Created on Tuesday, 17 September 2013 Written by JOHN FLESHER, AP Environmental Writer
TRAVERSE CITY, Mich. (AP) — A small number of Asian carp might be enough to establish a population in the Great Lakes that eventually could pose a serious threat to other fish species and the region's economy, a Canadian scientist said Monday.
Researchers at the University of Waterloo in Ontario said in a paper published this month that under the right circumstances, as few as 10 Asian carp that find their way into one of the Great Lakes would have a 50-50 chance of becoming established. If 20 fish slip inside, the probability of gaining a foothold could jump to 75 percent, the study said.
The findings show how difficult it will be to shield the Great Lakes from the invasive fish over the long term — and the importance of developing rapid-response procedures that could limit their spread, said Kim Cuddington, an ecologist and the study leader.
It's probably "only a matter of time before the population migrates to the Great Lakes," Cuddington said. "We need to start thinking about how to get rid of a spawning population. Once you have large breeding populations in a couple of locations, I don't think you'll get them out."
Bighead and silver carp were imported from Asia to the southern U.S. in 1970s to control algae in fish ponds and sewage lagoons. They escaped and have infested most of the Mississippi River and many of its tributaries, including the Illinois and Wabash rivers, which could provide linkages to Lake Michigan and Lake Erie.
Authorities have spent nearly $200 million on electric barriers and other measures to block the carp's paths.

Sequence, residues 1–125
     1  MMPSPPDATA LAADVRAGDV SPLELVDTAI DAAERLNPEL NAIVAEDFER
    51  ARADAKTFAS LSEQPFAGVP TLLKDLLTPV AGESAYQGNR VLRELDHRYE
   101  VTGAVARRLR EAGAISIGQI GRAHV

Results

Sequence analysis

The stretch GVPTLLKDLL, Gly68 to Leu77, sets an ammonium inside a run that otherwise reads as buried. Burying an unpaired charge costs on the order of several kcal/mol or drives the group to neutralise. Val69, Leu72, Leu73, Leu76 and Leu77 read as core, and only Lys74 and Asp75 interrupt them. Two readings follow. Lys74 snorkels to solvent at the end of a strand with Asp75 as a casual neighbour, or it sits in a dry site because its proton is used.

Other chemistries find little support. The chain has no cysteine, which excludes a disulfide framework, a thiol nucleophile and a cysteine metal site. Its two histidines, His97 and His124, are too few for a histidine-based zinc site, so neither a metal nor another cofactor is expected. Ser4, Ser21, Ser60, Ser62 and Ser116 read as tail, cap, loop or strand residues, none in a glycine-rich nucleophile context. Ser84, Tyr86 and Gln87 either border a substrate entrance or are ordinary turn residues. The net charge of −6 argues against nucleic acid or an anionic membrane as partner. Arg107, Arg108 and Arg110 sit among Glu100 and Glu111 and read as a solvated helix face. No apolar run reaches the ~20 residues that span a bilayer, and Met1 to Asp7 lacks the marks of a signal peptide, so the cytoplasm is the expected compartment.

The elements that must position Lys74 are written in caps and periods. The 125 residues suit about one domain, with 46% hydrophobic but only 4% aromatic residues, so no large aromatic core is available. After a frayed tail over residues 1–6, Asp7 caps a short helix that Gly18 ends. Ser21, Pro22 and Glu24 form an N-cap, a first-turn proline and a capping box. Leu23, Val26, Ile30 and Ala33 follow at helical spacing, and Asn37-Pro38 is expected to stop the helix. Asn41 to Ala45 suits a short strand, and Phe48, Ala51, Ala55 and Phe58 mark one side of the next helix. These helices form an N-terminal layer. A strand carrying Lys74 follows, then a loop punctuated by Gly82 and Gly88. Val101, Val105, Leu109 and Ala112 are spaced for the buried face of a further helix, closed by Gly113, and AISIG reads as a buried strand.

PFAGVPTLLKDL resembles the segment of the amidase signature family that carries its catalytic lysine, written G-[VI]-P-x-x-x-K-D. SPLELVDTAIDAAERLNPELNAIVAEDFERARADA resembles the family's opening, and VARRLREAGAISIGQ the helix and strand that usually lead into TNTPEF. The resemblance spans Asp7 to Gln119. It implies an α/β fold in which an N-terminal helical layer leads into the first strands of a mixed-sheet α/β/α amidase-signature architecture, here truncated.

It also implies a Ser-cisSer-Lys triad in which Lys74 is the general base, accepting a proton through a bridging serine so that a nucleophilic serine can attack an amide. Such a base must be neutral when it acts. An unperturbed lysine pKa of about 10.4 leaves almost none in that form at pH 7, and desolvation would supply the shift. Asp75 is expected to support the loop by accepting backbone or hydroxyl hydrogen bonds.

Scientists differ on how many would be needed to form a growing Great Lakes population. Males and females would have to find each other in tributary rivers with fast, turbulent currents where fertilized eggs would stay afloat long enough to hatch. Cold temperatures and lack of food could hinder growth.
Because of such obstacles, some experts say it could take hundreds of carp reaching the lakes to become established. In their paper, Cuddington and her colleagues said they developed mathematical models that suggest far fewer fish might be needed.
Each of the lakes has about 10 rivers suitable for spawning — a favorable number for males and females to find one another, they said.
Duane Chapman, an Asian carp expert with the U.S. Geological Survey who wasn't involved with the study, said its findings are based on the unproven assumption that a few carp — perhaps just one male and one female — would mate. Asian carp tend to spawn in large groups, he said.
"We know there can be hundreds of fish spawning in the same place at the same time, but we don't know if there's a minimum number," Chapman said.
Another crucial factor is how quickly the carp would reach sexual maturity in the lakes, Cuddington said. If they mature and spawn by age 3, it could take 20 years to establish a moderate-sized population and twice as long for the population to become very large. But the carp could take longer to develop in cooler waters, requiring a century or more to spread widely.